William Wilberforce: a Biography

1089 words 5 pages
Running head: Discover On Your Own 1

Discover on Your Own
William Wilberforce, Biography

Concordia University

EDGR 506 Character and Ethics of Leadership
Instructor
July 1, 2013

Discover On Your Own 2
Week 3 - Discover on Your Own

1. The 4 – 5 qualities in my leader I most admired were….
Prior to taking this class I had heard the name Wilberforce in the saying, “Don’t be a Wilberforce!”. The saying did not have a good connotation. I had no real information on the man or his importance to his times. After reading this biography I would be pleased if someone called me a “Wilberforce”. I found him to be someone worth
…show more content…
He sought information regarding the slave trade and conditions in which slaves were transported. He listened to the stories of slaves and ship captains and armed with information set out to persuade others to abolish slavery. He worked to improve the lives of others while often giving monetarily to those in need. He did not seek attention for himself but rather sought to challenge and change minds regarding Christian ethics, slavery, and manners.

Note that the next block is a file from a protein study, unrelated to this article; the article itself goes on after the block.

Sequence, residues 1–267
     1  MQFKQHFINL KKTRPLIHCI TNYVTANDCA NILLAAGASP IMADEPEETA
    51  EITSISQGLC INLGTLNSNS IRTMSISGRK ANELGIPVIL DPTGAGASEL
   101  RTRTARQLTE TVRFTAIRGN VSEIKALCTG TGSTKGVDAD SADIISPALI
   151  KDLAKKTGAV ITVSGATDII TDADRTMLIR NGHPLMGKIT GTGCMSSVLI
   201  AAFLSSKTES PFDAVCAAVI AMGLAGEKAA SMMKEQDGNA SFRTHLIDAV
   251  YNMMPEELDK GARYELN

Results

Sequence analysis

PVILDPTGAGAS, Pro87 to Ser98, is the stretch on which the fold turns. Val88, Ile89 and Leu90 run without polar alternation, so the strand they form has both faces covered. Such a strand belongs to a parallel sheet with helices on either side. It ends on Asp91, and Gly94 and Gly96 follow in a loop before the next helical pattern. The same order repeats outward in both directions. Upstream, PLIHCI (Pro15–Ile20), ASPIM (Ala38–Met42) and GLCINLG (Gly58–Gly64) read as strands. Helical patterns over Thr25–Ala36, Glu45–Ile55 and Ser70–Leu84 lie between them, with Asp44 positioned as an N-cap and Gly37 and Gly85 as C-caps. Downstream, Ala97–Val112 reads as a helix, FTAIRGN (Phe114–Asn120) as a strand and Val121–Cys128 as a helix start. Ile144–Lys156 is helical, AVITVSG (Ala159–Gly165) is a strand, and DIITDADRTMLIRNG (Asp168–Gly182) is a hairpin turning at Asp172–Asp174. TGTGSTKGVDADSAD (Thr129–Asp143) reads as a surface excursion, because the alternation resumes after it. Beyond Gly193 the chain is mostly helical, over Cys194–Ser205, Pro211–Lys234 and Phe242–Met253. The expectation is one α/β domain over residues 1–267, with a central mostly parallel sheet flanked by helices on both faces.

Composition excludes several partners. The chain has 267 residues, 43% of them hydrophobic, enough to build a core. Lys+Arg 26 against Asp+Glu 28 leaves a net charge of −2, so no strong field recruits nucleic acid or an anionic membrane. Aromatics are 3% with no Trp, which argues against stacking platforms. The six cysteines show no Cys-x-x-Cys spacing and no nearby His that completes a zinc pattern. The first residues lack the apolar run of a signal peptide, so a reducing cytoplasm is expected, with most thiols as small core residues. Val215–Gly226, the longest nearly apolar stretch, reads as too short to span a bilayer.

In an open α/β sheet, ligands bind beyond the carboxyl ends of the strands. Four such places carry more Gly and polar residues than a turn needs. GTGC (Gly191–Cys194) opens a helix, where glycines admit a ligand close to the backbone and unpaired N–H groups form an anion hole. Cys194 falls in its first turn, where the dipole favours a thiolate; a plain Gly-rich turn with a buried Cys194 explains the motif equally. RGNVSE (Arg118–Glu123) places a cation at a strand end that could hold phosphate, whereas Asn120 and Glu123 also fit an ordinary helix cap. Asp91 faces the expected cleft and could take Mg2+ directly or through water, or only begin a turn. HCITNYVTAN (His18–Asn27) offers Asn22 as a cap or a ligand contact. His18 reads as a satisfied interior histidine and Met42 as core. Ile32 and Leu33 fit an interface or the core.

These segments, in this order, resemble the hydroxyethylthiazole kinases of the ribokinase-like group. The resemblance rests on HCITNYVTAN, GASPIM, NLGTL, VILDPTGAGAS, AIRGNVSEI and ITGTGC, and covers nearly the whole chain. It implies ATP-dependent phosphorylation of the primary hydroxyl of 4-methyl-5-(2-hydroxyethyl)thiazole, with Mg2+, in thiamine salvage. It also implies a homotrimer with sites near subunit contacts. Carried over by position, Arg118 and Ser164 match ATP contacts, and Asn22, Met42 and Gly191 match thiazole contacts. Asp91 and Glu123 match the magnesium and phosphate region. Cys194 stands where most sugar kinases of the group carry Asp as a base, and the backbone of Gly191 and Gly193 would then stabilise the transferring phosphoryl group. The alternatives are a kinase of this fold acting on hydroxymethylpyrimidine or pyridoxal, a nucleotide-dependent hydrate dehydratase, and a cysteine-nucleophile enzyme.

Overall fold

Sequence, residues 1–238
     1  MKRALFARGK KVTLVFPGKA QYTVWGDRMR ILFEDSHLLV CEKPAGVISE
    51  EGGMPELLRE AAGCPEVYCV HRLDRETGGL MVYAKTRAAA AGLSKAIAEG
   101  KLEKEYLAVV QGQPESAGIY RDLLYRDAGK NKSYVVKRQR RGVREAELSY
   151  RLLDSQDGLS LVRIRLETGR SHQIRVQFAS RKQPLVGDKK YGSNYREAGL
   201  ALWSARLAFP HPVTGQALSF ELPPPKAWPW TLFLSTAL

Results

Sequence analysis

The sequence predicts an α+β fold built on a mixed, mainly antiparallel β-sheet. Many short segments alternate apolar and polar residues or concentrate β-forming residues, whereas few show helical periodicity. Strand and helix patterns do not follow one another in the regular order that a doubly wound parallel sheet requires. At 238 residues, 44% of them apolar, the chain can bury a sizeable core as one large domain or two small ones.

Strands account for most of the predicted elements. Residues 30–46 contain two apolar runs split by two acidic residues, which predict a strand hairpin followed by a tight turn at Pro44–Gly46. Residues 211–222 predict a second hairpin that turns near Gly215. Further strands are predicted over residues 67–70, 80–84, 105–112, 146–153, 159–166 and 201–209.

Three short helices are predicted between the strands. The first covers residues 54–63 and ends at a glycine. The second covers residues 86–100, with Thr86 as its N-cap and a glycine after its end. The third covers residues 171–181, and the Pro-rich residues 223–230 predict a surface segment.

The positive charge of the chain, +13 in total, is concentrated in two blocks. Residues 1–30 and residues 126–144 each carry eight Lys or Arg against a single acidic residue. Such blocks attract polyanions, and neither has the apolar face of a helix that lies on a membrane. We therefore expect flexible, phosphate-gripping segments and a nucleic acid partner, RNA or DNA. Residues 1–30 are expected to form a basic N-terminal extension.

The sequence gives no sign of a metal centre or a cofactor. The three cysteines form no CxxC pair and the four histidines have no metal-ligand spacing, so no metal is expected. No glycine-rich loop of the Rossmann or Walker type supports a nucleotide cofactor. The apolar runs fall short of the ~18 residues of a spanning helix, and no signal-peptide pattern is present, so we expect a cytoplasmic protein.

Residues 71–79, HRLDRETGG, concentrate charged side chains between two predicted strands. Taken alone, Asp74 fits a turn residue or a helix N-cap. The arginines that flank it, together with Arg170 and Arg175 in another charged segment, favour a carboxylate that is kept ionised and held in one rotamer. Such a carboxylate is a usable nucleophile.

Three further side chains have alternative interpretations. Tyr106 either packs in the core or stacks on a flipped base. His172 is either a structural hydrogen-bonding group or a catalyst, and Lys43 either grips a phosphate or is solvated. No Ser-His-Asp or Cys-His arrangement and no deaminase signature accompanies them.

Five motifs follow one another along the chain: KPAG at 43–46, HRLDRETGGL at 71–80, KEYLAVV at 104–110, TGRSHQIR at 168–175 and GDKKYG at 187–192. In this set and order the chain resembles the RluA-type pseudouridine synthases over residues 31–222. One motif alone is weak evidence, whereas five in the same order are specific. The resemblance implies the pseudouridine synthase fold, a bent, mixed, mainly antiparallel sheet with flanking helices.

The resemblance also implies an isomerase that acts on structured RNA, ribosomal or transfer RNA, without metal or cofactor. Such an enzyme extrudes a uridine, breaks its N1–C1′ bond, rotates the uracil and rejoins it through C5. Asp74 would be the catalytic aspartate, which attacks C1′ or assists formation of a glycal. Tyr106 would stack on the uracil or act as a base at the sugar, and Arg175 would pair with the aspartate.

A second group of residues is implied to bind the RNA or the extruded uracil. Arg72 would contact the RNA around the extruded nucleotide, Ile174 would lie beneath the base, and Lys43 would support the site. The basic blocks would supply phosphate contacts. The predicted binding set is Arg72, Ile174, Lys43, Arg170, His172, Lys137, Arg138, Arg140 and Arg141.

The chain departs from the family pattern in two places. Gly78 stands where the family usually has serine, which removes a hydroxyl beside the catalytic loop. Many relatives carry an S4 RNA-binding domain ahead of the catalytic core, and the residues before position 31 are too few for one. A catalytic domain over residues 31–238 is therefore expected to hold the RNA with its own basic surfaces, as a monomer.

3 (a). A second valuable lens on the leadership style of this leader is, because.....
A second leadership lens would be Transformational. Wilberforce was well liked, social, and an enticing speaker before his conversion. After his transformation he was not as well liked based on his quest, not his personality. He altered who he socialized with and the activities in which he participated. He remained an eloquent speaker and used his power of speaking to slowly transform the thinking of others regarding slavery. Because of his commitment and dedication in the Abolition movement, others sought him out to join their groups.
4. The best quote from the book that captures the essence of my leader is . . .
"The national difficulties we face result from the decline of religion and morality among us. I must confess equally boldly that my own solid hopes for the well-being of my country depend, not so much on her navies and armies . . . as on the persuasion that she still contains many who love

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